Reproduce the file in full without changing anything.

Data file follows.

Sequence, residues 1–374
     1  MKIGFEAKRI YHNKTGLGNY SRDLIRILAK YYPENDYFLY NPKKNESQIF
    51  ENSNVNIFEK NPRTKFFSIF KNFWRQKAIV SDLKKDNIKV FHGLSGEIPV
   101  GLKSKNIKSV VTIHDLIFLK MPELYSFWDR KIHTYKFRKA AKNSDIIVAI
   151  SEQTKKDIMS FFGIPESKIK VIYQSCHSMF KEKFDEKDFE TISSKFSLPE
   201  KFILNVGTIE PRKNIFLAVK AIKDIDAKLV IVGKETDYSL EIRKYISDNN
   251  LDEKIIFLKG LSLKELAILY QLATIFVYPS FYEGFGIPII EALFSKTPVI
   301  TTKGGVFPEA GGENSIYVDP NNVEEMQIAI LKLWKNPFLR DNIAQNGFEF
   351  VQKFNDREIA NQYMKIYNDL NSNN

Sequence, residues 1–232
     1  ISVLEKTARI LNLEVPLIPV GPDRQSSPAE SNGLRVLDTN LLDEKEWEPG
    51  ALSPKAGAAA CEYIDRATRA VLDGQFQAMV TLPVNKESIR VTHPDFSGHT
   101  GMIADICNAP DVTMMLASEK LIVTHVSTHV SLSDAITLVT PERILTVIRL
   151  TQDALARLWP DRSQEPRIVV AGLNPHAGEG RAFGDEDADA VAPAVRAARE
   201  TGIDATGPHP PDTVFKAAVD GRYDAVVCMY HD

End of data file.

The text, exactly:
Sequence, residues 1–374
     1  MKIGFEAKRI YHNKTGLGNY SRDLIRILAK YYPENDYFLY NPKKNESQIF
    51  ENSNVNIFEK NPRTKFFSIF KNFWRQKAIV SDLKKDNIKV FHGLSGEIPV
   101  GLKSKNIKSV VTIHDLIFLK MPELYSFWDR KIHTYKFRKA AKNSDIIVAI
   151  SEQTKKDIMS FFGIPESKIK VIYQSCHSMF KEKFDEKDFE TISSKFSLPE
   201  KFILNVGTIE PRKNIFLAVK AIKDIDAKLV IVGKETDYSL EIRKYISDNN
   251  LDEKIIFLKG LSLKELAILY QLATIFVYPS FYEGFGIPII EALFSKTPVI
   301  TTKGGVFPEA GGENSIYVDP NNVEEMQIAI LKLWKNPFLR DNIAQNGFEF
   351  VQKFNDREIA NQYMKIYNDL NSNN

Sequence, residues 1–232
     1  ISVLEKTARI LNLEVPLIPV GPDRQSSPAE SNGLRVLDTN LLDEKEWEPG
    51  ALSPKAGAAA CEYIDRATRA VLDGQFQAMV TLPVNKESIR VTHPDFSGHT
   101  GMIADICNAP DVTMMLASEK LIVTHVSTHV SLSDAITLVT PERILTVIRL
   151  TQDALARLWP DRSQEPRIVV AGLNPHAGEG RAFGDEDADA VAPAVRAARE
   201  TGIDATGPHP PDTVFKAAVD GRYDAVVCMY HD